Sudden withdrawal: It is important for naltrexone patients to detox from all opiates for at least 7–10 days before their first dose of naltrexone, otherwise the body could go into sudden and severe withdrawal.1,5 Symptoms of withdrawal could appear as soon as 5 minutes after an oral dose of naltrexone.8 Some patients even carry a card that discloses their treatment information in case of emergency to ensure that they are not given any opioid medications in these situations.1
Vulnerability to overdose: Naltrexone treatment can increase the risk of opioid overdose in 2 ways. First, because naltrexone works by blocking opioid receptors and preventing the patient from feeling high, some people take large amounts of heroin or other opioids in an attempt to override the effects of the naltrexone.1 This is very dangerous and can lead to death.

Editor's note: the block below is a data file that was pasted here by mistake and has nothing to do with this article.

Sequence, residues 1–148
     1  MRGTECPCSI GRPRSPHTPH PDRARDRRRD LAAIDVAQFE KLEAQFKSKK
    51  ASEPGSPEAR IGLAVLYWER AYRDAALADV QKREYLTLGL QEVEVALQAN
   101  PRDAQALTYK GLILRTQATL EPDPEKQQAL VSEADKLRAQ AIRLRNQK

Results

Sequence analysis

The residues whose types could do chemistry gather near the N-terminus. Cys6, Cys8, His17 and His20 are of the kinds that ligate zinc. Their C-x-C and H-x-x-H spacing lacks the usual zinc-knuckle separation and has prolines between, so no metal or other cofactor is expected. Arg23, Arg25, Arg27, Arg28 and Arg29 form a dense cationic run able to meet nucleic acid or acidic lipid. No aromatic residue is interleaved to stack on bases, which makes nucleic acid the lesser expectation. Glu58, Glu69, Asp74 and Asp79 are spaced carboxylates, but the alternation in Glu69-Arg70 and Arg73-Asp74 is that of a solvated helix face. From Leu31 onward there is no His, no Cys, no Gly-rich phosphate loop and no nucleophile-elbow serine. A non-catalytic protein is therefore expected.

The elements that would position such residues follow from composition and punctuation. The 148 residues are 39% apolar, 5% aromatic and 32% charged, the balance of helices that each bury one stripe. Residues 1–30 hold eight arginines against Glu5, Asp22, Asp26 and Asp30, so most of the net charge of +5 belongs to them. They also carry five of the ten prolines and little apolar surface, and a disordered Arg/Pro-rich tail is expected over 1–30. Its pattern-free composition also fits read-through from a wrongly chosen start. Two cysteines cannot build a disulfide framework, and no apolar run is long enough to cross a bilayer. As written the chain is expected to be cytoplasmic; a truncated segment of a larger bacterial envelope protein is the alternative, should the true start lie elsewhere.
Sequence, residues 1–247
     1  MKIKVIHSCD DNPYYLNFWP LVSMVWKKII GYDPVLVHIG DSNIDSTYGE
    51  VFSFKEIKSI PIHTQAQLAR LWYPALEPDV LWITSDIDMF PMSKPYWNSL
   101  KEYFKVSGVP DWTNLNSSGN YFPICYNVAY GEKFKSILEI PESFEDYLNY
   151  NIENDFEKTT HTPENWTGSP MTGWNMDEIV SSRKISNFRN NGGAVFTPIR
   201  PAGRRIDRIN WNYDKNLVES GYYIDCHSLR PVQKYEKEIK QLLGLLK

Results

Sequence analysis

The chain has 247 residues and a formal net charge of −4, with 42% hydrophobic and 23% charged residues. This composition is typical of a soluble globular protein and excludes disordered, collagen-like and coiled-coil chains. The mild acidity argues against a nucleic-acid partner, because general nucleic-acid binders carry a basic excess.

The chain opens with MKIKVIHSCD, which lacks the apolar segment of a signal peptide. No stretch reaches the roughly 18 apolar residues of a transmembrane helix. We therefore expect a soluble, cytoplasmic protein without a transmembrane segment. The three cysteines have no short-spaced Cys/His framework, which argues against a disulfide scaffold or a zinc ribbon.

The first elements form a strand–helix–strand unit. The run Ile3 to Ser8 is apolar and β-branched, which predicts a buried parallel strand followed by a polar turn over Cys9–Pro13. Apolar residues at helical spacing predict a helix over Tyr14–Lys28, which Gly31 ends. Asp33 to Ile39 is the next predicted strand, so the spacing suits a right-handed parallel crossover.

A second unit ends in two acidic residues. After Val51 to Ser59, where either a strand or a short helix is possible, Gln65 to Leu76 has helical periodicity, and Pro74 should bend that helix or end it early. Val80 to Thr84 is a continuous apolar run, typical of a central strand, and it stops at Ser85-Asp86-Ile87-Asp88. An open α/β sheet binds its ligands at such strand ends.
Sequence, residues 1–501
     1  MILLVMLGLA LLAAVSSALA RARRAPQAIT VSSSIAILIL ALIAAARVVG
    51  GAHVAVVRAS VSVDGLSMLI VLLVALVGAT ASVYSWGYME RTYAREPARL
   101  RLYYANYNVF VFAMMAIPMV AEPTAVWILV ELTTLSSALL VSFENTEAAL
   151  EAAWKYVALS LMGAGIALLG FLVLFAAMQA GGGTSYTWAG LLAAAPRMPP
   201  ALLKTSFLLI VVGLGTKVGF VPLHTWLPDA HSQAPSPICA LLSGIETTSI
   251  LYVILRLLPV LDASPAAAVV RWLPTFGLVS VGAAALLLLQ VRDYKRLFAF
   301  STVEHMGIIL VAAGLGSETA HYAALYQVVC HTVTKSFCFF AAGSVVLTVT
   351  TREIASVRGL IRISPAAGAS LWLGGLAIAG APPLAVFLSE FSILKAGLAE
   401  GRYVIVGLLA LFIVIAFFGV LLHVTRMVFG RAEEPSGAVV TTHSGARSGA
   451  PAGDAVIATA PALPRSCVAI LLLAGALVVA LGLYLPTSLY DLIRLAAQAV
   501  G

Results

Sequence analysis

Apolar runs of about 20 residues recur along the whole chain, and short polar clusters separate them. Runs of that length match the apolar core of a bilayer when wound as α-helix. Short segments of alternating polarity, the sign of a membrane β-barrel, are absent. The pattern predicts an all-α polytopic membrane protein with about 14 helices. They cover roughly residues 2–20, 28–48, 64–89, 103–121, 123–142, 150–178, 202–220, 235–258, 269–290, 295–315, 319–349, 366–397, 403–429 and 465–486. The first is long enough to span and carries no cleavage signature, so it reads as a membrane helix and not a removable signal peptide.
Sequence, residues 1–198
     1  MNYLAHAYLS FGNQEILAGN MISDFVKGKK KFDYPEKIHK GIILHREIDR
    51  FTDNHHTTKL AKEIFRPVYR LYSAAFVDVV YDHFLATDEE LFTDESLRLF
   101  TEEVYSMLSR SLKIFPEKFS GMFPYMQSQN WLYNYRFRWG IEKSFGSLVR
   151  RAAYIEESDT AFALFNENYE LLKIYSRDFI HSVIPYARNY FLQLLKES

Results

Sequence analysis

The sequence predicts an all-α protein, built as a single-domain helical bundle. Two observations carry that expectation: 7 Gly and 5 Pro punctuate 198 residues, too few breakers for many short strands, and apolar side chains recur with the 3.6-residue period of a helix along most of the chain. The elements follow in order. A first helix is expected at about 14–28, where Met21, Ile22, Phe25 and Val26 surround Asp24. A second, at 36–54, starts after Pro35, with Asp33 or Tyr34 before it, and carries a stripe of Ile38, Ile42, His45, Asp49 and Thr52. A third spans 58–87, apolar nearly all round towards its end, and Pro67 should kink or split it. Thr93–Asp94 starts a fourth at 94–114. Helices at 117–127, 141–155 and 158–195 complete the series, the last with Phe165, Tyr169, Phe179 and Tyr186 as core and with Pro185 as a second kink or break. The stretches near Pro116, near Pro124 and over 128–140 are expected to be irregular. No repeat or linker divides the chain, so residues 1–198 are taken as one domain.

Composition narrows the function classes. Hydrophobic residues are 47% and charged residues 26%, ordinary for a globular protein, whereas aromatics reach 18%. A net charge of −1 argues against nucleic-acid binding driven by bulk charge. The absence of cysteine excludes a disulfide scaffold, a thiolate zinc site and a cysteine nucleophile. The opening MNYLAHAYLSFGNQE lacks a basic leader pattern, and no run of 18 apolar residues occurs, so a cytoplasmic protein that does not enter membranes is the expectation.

Second, people can also experience overdose brought on by a decreased tolerance to heroin or opioids. After naltrexone treatment, patients who return to drug use may not realize that their tolerance has decreased and take their usual dose prior to detoxification, thus inducing an overdose.7
Risk of hepatitis or other liver damage: Naltrexone may cause serious liver inflammation (hepatitis), damage, and dysfunction.7–9 Patients should be screened for liver problems before beginning naltrexone treatment. Those with pre-existing liver conditions may not be good candidates for the use of naltrexone. If you experience any of the following symptoms of liver dysfunction, report them to your physician immediately:
- Yellowing of the whites of the eyes
- Yellow skin
- Light-colored bowel movements
- Dark urine
- Stomach pain lasting more than a few days
- Excessive tiredness